• FIG. 2 shows a schematic diagram of a crystallographically oriented mirror system 200 for waveguide crossing. System 200 includes two waveguides 202, 204, separated by a gap 206. Each waveguide 202, 204 includes an angled minor 208,210 to reflect light from waveguide 202 to waveguide 204. However, system 200 is constrained to fixed wafer crystallographic axes. Furthermore, AR coatings are necessary on the vertical facets 209, 211. However, coating on vertical and angled facets is technologically complex.
  • FIGS. 3A and 3B are diagrams illustrating a system 300 for surface grating couplers for inter-chip optical connection. System 300 includes an input waveguide 302, an input surface grating coupler (SGC) 304, an output SGC 306, and an output waveguide 308. One problem with this type of inter-chip optical connection is the problem of aligning inverted grating images.
  • SUMMARY
  • In accordance with an embodiment, a system for transmitting an optical signal across an optical obstruction includes a first optical waveguide optically coupled to a first surface grating coupler (SGC); a second optical waveguide optically coupled to a second SGC; and a reflector configured to reflect an optical signal from the first SGC to the second SGC.
  • In accordance with an embodiment, a network component configured for transmitting and receiving optical signals includes a photonic integrated circuit (PIC), wherein the PIC includes a first optical waveguide optically coupled to a first surface grating coupler (SGC); a second optical waveguide optically coupled to a second SGC; and a reflector configured to reflect an optical signal from the first SGC to the second SGC.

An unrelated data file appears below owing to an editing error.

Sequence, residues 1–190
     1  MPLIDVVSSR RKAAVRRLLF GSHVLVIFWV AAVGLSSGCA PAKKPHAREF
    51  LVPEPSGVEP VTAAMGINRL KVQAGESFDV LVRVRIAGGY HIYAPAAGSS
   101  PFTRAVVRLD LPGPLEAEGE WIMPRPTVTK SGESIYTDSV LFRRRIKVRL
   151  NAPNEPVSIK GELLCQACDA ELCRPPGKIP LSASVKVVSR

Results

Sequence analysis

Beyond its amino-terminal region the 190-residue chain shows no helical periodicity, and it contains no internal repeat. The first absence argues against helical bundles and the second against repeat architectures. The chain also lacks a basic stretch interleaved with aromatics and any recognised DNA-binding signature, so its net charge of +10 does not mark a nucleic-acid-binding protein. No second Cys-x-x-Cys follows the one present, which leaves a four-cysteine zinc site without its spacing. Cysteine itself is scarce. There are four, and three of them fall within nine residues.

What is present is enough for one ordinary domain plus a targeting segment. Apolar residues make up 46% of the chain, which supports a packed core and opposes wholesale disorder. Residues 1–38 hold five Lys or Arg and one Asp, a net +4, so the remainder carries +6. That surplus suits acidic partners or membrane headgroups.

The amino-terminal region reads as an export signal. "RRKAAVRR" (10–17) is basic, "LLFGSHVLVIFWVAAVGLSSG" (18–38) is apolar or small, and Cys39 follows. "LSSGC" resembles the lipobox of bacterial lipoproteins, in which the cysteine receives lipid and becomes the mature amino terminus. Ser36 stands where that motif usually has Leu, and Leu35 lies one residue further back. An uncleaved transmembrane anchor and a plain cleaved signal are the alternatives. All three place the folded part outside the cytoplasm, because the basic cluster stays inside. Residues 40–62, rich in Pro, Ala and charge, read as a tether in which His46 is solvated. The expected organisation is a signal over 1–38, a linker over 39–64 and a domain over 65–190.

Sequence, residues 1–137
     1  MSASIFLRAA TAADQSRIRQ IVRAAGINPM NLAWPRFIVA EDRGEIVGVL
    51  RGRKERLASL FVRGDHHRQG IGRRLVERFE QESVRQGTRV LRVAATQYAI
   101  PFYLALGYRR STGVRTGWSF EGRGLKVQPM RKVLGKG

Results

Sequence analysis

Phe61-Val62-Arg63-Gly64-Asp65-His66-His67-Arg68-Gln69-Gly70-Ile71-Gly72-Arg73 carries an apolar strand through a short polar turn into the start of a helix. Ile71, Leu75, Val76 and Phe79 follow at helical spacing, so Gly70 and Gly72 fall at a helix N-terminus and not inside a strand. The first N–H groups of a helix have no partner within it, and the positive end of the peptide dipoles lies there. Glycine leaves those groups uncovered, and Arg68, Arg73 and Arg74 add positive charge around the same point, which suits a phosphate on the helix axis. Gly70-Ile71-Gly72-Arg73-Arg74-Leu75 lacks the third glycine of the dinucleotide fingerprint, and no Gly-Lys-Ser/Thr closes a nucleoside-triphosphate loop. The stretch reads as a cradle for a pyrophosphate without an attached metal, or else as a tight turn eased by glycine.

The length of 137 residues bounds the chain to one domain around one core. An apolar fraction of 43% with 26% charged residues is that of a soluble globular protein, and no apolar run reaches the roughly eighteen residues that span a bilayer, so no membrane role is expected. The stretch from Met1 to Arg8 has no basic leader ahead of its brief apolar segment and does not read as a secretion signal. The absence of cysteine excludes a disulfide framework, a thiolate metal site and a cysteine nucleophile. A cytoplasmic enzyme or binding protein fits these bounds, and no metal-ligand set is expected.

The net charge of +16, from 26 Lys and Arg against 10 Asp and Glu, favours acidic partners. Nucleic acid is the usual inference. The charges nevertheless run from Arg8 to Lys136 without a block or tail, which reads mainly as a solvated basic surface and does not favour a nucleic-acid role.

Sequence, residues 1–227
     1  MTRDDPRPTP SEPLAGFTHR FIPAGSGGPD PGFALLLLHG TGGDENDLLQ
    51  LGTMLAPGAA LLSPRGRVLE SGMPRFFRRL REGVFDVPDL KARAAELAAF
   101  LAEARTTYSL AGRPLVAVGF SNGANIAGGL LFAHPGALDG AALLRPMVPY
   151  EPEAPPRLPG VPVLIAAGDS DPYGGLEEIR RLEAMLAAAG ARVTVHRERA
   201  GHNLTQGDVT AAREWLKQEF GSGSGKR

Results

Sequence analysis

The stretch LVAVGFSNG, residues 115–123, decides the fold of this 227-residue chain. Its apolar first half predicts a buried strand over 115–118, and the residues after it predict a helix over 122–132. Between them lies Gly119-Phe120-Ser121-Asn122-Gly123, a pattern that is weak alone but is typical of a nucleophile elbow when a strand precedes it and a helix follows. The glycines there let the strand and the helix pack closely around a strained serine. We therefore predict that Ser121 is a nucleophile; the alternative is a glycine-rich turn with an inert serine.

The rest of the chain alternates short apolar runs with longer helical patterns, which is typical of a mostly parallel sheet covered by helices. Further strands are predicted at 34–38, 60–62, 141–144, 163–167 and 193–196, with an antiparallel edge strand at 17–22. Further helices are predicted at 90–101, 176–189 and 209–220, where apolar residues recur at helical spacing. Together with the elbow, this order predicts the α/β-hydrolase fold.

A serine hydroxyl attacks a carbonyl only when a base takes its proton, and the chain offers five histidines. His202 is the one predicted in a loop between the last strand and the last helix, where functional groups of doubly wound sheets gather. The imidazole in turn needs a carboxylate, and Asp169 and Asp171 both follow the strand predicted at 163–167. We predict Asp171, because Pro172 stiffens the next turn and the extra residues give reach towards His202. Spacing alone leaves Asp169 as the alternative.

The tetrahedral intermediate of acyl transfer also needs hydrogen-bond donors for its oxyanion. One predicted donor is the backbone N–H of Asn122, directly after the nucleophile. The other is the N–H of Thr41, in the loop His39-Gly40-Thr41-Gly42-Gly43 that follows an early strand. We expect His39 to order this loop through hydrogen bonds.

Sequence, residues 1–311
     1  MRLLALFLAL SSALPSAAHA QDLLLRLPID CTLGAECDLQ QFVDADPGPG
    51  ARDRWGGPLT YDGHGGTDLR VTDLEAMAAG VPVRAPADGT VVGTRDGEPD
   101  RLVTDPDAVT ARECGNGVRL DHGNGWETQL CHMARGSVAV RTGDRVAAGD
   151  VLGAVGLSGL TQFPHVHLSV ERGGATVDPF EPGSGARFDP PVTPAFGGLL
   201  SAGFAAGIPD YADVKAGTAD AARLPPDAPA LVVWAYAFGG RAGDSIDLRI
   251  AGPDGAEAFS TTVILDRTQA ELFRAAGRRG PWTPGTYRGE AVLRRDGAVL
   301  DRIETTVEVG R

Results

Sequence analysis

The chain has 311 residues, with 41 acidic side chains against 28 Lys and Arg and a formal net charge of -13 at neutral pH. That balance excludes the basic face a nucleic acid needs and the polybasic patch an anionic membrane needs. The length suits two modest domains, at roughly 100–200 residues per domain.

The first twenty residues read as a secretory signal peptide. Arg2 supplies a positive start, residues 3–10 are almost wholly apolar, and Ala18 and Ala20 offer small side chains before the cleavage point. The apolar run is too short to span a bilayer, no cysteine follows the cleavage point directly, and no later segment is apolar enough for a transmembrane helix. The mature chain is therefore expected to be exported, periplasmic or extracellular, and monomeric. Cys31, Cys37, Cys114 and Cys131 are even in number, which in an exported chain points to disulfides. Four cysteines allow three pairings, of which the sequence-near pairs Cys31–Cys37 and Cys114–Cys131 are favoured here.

• In accordance with an embodiment, a method for transmitting an optical signal across an optical obstruction in an photonic integrated circuit (PIC) includes propagating an optical signal through a first optical waveguide to a first surface grating coupler (SGC) optically coupled to the first optical waveguide; reflecting the optical signal received from the first SGC to an second SGC; and propagating the optical signal received at the second SGC through a second optical waveguide optically coupled to the second SGC.
  • BRIEF DESCRIPTION OF THE DRAWINGS
  • For a more complete understanding of the present invention, and the advantages thereof, reference is now made to the following descriptions taken in conjunction with the accompanying drawing, in which:
  • FIG. 1 shows a diagram of a prior art same level waveguide crossing;